By Angela Fernandez and David Anderson
With smartphone in hand, consumers have more access to information about the products they buy than ever before. They can scan company and grocery store websites for product information; review blogs for opinions; and quickly obtain recall information from news sources or regulatory websites.
Consumers have come to expect rapid information transfer. Given this, food companies have an opportunity to evaluate the effectiveness of food traceability programs in order to instill greater confidence in these ever-inquisitive and socially aware consumers.
Accurate and complete product data is vital for implementing a product recall when one is needed. The Food Safety Modernization Act (FSMA) requires a recall plan for any human or animal food with an identified hazard that requires a preventive control.
Such a recall plan includes procedures of how an establishment will notify consignees of the food being recalled and how to return or dispose of the affected food. In addition, the recall plan describes how the public will be notified about hazards, when appropriate to protect public health.
BARCODES AS A TRACKING TOOL. Capturing product data embedded in barcodes has aided product traceability. A barcoded packet of chewing gum in 1974 became the first product to be scanned in-store. With that event, a new era of product monitoring and tracking was born.
GS1 US, a not-for-profit, non-governmental organization administers the standards for barcodes that were used then and are used today. The role of barcodes in the supply chain has grown, since they assist restocking by retailers and help to ensure that products hit retail shelves in a timely manner.
ENHANCE PRODUCT TRACEABILITY. In the same way that barcodes have aided product reaching stores, the use of GS1 standards may be helpful to enhance product traceability throughout the supply chain. These standards can enhance traceability processes when trading partners collaborate on tracing of product and enhancing the visibility of a product’s location in the supply chain.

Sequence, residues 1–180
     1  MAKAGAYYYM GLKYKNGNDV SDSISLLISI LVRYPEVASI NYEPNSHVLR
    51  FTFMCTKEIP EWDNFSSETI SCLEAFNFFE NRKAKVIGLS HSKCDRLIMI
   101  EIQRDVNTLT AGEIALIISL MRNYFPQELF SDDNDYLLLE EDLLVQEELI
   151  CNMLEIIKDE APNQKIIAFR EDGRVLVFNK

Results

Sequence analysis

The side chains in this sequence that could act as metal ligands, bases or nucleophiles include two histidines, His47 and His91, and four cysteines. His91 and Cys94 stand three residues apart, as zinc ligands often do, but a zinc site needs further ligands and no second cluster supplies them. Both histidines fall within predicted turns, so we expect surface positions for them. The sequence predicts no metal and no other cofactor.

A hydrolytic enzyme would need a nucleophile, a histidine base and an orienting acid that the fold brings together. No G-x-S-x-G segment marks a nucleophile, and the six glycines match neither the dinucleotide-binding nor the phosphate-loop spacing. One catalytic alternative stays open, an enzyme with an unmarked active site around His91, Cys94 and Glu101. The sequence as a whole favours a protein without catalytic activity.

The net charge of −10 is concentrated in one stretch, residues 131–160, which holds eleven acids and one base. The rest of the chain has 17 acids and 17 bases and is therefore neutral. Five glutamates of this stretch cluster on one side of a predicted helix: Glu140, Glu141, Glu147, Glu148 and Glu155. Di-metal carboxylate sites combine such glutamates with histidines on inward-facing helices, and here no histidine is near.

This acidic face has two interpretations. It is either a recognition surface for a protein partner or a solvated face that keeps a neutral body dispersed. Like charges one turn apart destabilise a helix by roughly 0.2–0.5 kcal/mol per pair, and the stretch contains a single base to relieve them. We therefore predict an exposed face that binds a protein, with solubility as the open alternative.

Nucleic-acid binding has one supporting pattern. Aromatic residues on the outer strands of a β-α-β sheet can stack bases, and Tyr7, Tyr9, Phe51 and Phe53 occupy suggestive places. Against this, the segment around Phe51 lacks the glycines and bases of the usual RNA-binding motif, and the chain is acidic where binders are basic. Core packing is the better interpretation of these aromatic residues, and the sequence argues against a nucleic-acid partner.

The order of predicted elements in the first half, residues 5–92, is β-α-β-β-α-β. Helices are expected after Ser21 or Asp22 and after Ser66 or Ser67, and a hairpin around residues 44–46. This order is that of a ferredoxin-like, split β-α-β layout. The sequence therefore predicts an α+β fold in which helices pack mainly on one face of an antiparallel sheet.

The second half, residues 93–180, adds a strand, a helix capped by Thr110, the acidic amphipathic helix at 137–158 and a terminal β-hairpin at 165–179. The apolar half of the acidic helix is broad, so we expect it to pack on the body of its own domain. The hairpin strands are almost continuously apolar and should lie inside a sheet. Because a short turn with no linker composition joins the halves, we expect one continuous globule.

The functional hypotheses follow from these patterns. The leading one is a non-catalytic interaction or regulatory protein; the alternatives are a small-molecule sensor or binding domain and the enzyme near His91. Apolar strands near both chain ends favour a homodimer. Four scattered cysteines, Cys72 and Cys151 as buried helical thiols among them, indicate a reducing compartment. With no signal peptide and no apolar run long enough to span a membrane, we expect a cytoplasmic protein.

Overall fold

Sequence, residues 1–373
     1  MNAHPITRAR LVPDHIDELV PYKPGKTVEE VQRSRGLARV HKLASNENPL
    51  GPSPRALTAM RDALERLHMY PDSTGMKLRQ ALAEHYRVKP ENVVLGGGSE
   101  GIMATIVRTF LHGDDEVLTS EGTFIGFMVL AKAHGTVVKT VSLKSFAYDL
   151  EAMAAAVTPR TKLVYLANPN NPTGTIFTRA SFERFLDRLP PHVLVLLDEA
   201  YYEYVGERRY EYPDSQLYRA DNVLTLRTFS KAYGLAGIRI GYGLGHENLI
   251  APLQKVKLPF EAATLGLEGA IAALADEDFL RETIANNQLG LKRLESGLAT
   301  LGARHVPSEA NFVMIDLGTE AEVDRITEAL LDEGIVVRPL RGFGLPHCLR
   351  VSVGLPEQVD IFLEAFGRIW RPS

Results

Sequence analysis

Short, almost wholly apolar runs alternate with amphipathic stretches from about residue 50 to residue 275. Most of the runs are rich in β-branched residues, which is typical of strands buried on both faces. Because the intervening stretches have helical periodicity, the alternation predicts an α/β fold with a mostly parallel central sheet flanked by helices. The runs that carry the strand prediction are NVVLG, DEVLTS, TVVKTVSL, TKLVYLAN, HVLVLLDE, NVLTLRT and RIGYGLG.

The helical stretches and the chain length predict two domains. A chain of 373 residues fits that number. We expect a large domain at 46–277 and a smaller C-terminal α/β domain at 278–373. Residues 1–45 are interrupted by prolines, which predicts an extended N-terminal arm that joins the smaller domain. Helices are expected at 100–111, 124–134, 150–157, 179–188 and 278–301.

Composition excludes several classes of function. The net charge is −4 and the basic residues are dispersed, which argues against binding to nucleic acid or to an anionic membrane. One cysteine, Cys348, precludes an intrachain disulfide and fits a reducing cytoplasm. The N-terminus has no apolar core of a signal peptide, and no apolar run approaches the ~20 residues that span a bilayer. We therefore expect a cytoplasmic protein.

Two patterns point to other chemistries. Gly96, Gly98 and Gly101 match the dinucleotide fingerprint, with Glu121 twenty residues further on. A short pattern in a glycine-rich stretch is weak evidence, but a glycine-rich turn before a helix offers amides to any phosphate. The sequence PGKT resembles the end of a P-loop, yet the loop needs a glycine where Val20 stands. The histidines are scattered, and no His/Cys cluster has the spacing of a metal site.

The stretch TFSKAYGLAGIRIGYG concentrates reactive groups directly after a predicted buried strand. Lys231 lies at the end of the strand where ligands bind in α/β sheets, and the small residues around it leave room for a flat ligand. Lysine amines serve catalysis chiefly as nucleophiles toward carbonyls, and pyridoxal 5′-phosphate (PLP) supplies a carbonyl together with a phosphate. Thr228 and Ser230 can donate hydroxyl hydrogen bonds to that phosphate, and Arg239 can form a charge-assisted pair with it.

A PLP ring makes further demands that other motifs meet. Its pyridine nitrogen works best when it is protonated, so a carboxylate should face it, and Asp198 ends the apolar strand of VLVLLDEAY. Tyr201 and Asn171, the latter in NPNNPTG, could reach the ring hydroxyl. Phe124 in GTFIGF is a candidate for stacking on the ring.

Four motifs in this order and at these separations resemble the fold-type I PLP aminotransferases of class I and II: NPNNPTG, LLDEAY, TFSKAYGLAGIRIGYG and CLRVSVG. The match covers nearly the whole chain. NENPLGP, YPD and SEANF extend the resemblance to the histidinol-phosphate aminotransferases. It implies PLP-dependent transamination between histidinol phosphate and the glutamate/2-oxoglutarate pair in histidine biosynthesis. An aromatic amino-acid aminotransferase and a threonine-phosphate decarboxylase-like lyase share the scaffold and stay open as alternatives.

Outdated, proprietary, or paper-based systems can lead to time delays during the tracing of product. This may be especially evident during a recall when time and accuracy are of the essence. By contrast, supply chain visibility can play an important role in enhancing food recall and withdrawal processes.
With streamlined traceability procedures, businesses can be prepared to handle these crisis situations and manage the damage that a widespread recall can inflict. GS1 US estimates that an integrated traceability process could represent approximately $3 billion in savings to the fresh foods industry as a whole.
PRECISE CONSUMER INFORMATION. When a company implements these standards for recall management, consumers may notice an impact. When news alerts about recalls specify UPC numbers, batch and/or lot codes, and expiration dates associated with the affected product, consumers can see the standards in action. And it is likely that more data will be welcomed by consumers.
In the case of a recent cantaloupe recall, some retailers educated consumers at the store level, telling them that they had been able to confirm the source for 100% of their product. By providing signage and additional sales assistance, retailers reassured concerned customers that their products had not been affected by the recall. Similarly, GS1 US asserts that such targeted communications can be provided to consumers with improved tracking of product.
Product tracking with barcodes has provided retailers with the opportunity to “right size” their inventories and identify the specific location of products to ensure on-shelf availability. The reduction of out-of-stock items can prevent lost sales.
THREE STRIKES; YOU’RE OUT. According to research conducted by JDA Software, the Food Marketing Institute (FMI) and GMA, having product continually in-stock is crucial to sales, as consumers are sticking by a “three strikes and you’re out” pattern of behavior when it comes to out-of-stock products. That is, if a retailer does not have a product that a consumer wants – on the shelf and ready – on three occasions, the shopper may not return.
Additionally, with improved on-shelf availability of products, retailers can spend more time upselling, planning for promotions, and setting up more automatic reorders when a product seems to have an uptick in sales.
IMPLEMENTATION. If barcodes or other tracking methods are implemented for product tracking, the ability to trace product in the supply chain could be enhanced. This could benefit retailers and consumers through more consistent on-shelf product presence and product-specific recall information.
Producers could find the benefit of quickly identifying product locations and provide details to retailers and consumers. GS1 US recommends several standards that seek to reach these goals.
Now is the time to take advantage of the opportunity to solve for tracking and traceability challenges and to positively impact the ability to instill greater confidence in consumers.
The authors: Fernandez is vice president of retail grocery and foodservice, GS1 US; Anderson is senior science advisor, science operations, GMA.